• COVID-19
  • public health
  • military
  • France

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Key messages

  • As part of the national effort, the French Military Medical Service was committed to the fight against COVID-19, involving all its departments.

  • Within a global medical system, innovative, dedicated interventions brought together adaptive solutions to issues encountered in the COVID-19 pandemic.

  • Unprecedented and unique actions were conducted, including the use of a military intensive care field hospital and multiple collective aeromedical evacuations of patients with severe acute respiratory distress syndrome.

  • Dedicated military strategies have been adopted for the management of patients in France, as well as in overseas military operations.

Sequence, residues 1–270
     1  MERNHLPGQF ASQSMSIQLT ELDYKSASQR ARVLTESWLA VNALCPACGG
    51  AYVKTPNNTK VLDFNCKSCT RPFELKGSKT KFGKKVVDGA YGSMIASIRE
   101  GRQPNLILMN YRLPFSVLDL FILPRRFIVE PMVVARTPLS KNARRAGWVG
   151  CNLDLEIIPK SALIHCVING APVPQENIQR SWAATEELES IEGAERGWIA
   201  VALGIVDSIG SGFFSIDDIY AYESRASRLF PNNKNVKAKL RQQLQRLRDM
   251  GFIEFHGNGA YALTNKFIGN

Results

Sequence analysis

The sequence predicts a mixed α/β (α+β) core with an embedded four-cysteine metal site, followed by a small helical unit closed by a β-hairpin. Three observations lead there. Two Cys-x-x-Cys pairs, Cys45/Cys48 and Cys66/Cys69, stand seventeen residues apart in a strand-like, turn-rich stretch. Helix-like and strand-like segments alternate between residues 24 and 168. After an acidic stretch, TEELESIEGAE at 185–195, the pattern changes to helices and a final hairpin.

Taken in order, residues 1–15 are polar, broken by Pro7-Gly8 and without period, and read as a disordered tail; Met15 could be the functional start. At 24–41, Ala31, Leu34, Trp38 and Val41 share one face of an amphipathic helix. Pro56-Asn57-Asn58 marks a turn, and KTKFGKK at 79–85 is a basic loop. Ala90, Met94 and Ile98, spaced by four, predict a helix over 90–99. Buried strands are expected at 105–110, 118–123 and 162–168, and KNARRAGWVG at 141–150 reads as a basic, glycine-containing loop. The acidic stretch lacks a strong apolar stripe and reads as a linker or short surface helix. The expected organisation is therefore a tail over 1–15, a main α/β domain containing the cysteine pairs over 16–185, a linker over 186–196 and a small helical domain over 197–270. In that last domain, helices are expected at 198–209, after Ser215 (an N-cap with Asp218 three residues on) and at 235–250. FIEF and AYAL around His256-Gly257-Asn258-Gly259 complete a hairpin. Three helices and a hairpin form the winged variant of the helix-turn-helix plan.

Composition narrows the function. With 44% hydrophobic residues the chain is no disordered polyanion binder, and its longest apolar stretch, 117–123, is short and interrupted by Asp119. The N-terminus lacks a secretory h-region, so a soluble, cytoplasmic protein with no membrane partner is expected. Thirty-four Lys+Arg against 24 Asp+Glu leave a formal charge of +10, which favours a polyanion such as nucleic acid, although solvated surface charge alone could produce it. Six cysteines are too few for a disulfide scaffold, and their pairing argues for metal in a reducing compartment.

Providing care as close to the frontline as possible is the ultimate mission of the French Military Medical Service (FMMS).1 2 Beyond this primary mission, the FMMS makes a significant contribution to the field of public health and the design of government risk-management plans intended to deal with health crises and terrorist threats.3–8 In the spring of 2020, COVID-19 spread through France. ‘We are at war’, French president Emmanuel Macron said in an address to the nation on 16 March 2020. ‘The enemy is invisible, and it requires our general mobilisation’. By mid-April, over 100 000 COVID-19 cases were confirmed in France.9–11 As part of the national effort, the FMMS was committed to the fight against COVID-19, involving all its departments. This report describes (Figure 1) the actions carried out by the FMMS in the fight against the COVID-19 pandemic in France, as well as overseas.